Andre Francisco from POGO has recently written the following blog post concerning the latest case of revolving door. A former lobbyist for Lockheed Martin moved to politics as a staffer with the Senate Armed Services Committee, influencing big decisions on military contractors.
John Bonsell spent five years as a lobbyist for major military contractors including Lockheed Martin, Boeing and SAIC. His new position puts him in a powerful place in a committee that oversees the defense industry and has considerable power to decide where defense funds are directed.
Before Bonsell, former Lockheed executive and lobbyist Ann Sauer held this very same position. Sauer worked for Lockheed for more than 10 years and was paid well for her work.
Jared Pincin and Brian Brenberg write a column in USA Today about cronyism in the US foreign aid program:
Cronies never miss an opportunity to feast on taxpayer dollars — even if it means taking from those who are most vulnerable.
The United States is the largest donor of international humanitarian aid, contributing roughly $8 billion in emergency food aid over the past five years. But a significant portion of that food aid is “tied,” which means the food must be sourced from U.S. suppliers and transported on U.S. ships, even if cheaper alternatives exist. The benefits of tying go to politically-connected companies in the U.S. at the expense of aid recipients. It’s a prime example of cronyism at work.
Grant Bosse at the New Hampshire Watchdog writes about corporate welfare in his state:
When the New Hampshire Senate voted last week to tighten its control over the franchise agreements car makers sign with local car dealers, it also expanded the law to cover farm equipment dealers. The people who make farm equipment did the only logical thing they could in the face of growing government meddling in their business. They hired a lobbyist.
Timothy P. Carney at the Washington Examiner writes about the lobbying agenda of big chain restaurants, highlighting the fact that lobbying itself isn’t bad depending on the issue:
Most subsidies have concentrated benefits and diffuse costs. You and I each pay more for food, maybe for gas, thanks to the ethanol mandate. But saving the ethanol mandate is far more valuable to the ethanol lobby than killing it is to you and me.
But that’s where McDonald’s comes in. Mickey D’s pays tens of millions a year in higher food prices thanks to the ethanol mandate. Get all those chain restaurants together and they pay a ton every year — $3.2 billion, NCCF claims. Bam. You’ve got a concentrated loser of the mandate who can counterbalance the concentrated winner.
Ezra Klein at the Washington Post writes about the staffers of a prominent politician, and how his position of authority has lead to his staffers becoming lobbyists:
…the point of hiring Baucus’s former aides isn’t that they can seamlessly insert any language they want into the final legislation. It’s that they have a direct line to Baucus, and to the people around Baucus, and that gives them a huge advantage. The fact is that human beings are more likely to find arguments convincing when they’re coming from friends rather than strangers or enemies.
That’s the key to most of the lobbying in Washington. It’s not about leveraging bribes so much as it’s about leveraging relationships — and that makes it harder to stamp out.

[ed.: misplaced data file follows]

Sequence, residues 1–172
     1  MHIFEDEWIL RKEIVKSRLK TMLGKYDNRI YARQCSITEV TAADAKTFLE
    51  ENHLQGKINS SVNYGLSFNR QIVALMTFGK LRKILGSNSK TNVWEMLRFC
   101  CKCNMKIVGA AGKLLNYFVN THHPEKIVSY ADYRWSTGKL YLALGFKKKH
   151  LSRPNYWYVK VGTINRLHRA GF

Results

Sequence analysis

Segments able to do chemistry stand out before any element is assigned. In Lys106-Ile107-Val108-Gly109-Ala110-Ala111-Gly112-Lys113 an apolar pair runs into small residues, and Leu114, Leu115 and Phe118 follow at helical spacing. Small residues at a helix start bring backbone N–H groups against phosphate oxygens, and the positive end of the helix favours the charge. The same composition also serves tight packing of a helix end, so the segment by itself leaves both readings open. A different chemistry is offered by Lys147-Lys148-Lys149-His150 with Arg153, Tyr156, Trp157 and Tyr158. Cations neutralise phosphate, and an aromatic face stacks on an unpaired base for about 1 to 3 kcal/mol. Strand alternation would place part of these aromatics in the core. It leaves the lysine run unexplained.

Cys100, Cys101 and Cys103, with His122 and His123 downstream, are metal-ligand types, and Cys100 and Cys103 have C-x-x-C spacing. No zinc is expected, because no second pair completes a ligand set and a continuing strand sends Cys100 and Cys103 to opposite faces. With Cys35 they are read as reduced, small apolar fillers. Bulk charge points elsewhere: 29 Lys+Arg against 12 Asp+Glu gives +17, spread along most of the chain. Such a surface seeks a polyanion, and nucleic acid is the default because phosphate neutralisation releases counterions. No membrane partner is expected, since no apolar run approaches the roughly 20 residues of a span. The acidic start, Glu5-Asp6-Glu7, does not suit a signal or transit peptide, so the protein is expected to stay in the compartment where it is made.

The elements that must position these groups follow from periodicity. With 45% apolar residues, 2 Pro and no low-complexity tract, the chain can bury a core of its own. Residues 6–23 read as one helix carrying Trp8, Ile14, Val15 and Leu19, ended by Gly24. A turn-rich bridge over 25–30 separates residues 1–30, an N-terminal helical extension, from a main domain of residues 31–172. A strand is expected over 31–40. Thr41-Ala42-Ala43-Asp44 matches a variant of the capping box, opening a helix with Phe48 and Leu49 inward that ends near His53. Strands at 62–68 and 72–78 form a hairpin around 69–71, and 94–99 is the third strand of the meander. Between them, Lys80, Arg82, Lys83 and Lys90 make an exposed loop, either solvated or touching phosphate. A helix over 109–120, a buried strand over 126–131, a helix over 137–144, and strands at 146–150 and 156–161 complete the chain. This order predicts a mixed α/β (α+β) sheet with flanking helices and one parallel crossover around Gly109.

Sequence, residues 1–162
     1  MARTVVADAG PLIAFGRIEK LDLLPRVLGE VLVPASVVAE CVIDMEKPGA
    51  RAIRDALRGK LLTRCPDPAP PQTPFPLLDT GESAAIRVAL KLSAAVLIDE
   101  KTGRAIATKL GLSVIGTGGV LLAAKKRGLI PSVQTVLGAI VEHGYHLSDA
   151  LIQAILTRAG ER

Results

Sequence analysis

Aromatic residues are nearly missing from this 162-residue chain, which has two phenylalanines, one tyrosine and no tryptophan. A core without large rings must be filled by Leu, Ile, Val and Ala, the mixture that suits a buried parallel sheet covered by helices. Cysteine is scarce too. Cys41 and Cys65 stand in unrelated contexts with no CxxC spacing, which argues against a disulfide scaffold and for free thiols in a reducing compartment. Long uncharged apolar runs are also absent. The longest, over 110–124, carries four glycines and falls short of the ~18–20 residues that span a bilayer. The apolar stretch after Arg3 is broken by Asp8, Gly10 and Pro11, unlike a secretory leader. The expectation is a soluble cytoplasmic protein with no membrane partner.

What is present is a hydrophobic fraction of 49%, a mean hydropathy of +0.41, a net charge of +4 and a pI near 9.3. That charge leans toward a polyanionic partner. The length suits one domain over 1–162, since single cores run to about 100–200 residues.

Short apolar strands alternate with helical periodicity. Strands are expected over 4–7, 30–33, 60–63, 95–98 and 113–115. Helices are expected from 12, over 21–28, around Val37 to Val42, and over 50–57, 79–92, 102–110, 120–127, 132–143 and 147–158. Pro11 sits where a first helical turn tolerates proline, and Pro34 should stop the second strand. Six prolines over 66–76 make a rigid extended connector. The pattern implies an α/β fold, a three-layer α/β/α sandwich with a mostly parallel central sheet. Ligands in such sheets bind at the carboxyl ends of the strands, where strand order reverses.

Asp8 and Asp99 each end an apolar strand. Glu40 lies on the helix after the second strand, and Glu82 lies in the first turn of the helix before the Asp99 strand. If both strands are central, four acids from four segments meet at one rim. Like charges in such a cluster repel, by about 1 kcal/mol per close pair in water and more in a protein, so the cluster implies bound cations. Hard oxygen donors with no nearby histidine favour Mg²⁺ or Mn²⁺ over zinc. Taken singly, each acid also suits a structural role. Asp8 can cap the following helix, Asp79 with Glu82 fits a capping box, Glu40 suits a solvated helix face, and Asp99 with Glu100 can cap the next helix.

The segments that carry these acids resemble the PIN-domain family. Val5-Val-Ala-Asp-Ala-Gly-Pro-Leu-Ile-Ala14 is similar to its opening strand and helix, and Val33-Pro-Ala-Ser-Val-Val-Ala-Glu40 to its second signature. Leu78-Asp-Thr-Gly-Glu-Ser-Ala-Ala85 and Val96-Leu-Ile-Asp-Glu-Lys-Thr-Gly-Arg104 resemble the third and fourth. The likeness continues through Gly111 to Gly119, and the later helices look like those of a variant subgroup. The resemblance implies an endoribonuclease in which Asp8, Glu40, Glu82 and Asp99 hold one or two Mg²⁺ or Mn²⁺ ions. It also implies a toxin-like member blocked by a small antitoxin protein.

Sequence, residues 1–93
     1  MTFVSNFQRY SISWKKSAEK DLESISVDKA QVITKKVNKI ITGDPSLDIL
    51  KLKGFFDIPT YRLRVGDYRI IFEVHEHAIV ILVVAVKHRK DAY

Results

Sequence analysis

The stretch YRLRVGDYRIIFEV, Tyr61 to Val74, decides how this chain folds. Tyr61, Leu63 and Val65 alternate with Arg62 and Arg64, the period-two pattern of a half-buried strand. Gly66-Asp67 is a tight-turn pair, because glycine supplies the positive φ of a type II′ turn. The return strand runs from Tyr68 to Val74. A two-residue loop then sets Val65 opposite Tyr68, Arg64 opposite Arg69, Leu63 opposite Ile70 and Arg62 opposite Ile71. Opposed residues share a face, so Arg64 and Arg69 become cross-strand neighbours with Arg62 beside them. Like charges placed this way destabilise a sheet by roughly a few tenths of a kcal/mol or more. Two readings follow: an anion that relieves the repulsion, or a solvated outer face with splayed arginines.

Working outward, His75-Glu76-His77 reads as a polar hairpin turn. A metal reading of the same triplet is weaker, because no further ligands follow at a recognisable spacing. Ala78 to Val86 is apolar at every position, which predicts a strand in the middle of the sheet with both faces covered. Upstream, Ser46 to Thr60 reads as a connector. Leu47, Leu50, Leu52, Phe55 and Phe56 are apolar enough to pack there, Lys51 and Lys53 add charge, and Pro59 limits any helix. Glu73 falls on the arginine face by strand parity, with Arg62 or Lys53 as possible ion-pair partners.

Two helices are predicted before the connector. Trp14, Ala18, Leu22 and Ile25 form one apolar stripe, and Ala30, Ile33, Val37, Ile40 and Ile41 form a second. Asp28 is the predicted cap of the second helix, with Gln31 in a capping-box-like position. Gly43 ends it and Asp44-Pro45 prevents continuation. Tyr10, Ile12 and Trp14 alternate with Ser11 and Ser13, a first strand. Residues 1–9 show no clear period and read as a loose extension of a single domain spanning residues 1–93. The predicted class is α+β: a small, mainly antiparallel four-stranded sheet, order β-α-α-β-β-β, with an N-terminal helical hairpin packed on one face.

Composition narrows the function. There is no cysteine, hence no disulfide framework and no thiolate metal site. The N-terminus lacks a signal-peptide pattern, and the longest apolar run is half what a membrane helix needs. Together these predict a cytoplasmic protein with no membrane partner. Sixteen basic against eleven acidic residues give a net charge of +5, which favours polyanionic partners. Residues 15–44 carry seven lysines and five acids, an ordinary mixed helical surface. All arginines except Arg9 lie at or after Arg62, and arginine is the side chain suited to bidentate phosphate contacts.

Lachlan Markay from The Washington Free Beacon recently reported about the latest case of illicit lobbying. Several local health departments illegally used stimulus grant funds to lobby for higher taxes on tobacco and ‘unhealthy products.’ Federal law prohibits the use of grants for these lobbying activities.
The stimulus-funded Communities Putting Prevention to Work (CPPW) program disbursed about $373 million intended to educate the public about tobacco use and obesity. Federal law prohibits grantees from using the funds for lobbying activities.
According to the group Cause of Action, local health departments from Alabama to California used the funds to devise or promote legislation designed to curb tobacco use or combat obesity. The report detailing the allegations is the product of a 19-month investigation into the CPPW program.
Nick Sorrentino at Against Crony Capitalism writes about a case of the all-too-common revolving door in DC.
Holder’s right hand man, Breuer basically said that though lots of nasty things happened during the crash of 2008 and prior, nothing (for the most part) was illegal. Or, if it was illegal that prosecution was potentially too damaging to financial markets.
Now he’s cashing in, big time, defending the banks he was once charged with pursuing for the American people.
Veronique de Rugy writes at National Review Online about some of the cuts in the sequester, and how – in this case – the cronyism in the defense sector didn’t win:
While defense spending is a very legitimate role of government, defense cronyism is something worth fighting against every step of the way. Sequestration, in all its imperfections, is a welcome signal that lobbyists do not always win.
In one of the juicier stories to come across the Crony Chronicles desk, there appears to be a very interesting subplot to the largest public works project in Oregon’s history taking place. The lead lobbyist for the project worked for the governor….and a private company that wanted it built:
On Feb. 11, Gov. John Kitzhaber strode into a legislative hearing and made his strongest pitch yet for the massive highway project called the Columbia River Crossing.
Julie Creswell, a reporter for The New York Times, discusses the immense profits that digital health data companies will begin to collect. Unfortunately for us, it’s despite often mediocre results and the ever-expanding government:
It was a tantalizing pitch: come get a piece of a $19 billion government “giveaway.”